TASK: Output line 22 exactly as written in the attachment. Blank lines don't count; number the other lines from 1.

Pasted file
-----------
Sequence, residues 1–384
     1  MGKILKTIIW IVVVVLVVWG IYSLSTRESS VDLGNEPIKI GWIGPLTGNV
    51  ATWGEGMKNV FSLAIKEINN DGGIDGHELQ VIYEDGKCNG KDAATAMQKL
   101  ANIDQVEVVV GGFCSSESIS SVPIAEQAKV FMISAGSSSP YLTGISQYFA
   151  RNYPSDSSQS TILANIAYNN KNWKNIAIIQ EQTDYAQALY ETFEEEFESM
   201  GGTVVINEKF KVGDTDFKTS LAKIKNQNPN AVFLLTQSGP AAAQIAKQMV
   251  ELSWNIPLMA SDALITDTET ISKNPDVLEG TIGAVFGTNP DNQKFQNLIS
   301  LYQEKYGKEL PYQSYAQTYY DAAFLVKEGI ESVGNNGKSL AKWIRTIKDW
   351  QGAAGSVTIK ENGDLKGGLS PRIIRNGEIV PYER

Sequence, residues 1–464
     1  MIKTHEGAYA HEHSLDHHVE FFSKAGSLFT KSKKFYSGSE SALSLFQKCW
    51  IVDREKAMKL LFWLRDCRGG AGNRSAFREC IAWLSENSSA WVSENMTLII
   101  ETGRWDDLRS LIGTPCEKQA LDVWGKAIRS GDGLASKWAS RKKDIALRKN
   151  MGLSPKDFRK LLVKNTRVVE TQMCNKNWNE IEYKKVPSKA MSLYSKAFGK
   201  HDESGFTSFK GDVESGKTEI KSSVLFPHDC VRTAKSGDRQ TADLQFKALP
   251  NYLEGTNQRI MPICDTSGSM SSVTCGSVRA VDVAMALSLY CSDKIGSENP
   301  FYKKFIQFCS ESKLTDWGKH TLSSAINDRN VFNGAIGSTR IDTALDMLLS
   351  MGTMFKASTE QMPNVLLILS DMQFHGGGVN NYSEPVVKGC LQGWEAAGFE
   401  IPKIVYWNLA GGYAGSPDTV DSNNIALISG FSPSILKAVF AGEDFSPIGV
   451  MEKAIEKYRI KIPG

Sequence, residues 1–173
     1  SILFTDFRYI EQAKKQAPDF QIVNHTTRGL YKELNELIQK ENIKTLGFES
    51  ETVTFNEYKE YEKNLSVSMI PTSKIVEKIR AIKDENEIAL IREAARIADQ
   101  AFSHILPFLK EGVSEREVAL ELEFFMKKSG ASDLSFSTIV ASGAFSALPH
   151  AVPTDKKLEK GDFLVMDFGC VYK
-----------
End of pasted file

     1  SILFTDFRYI EQAKKQAPDF QIVNHTTRGL YKELNELIQK ENIKTLGFES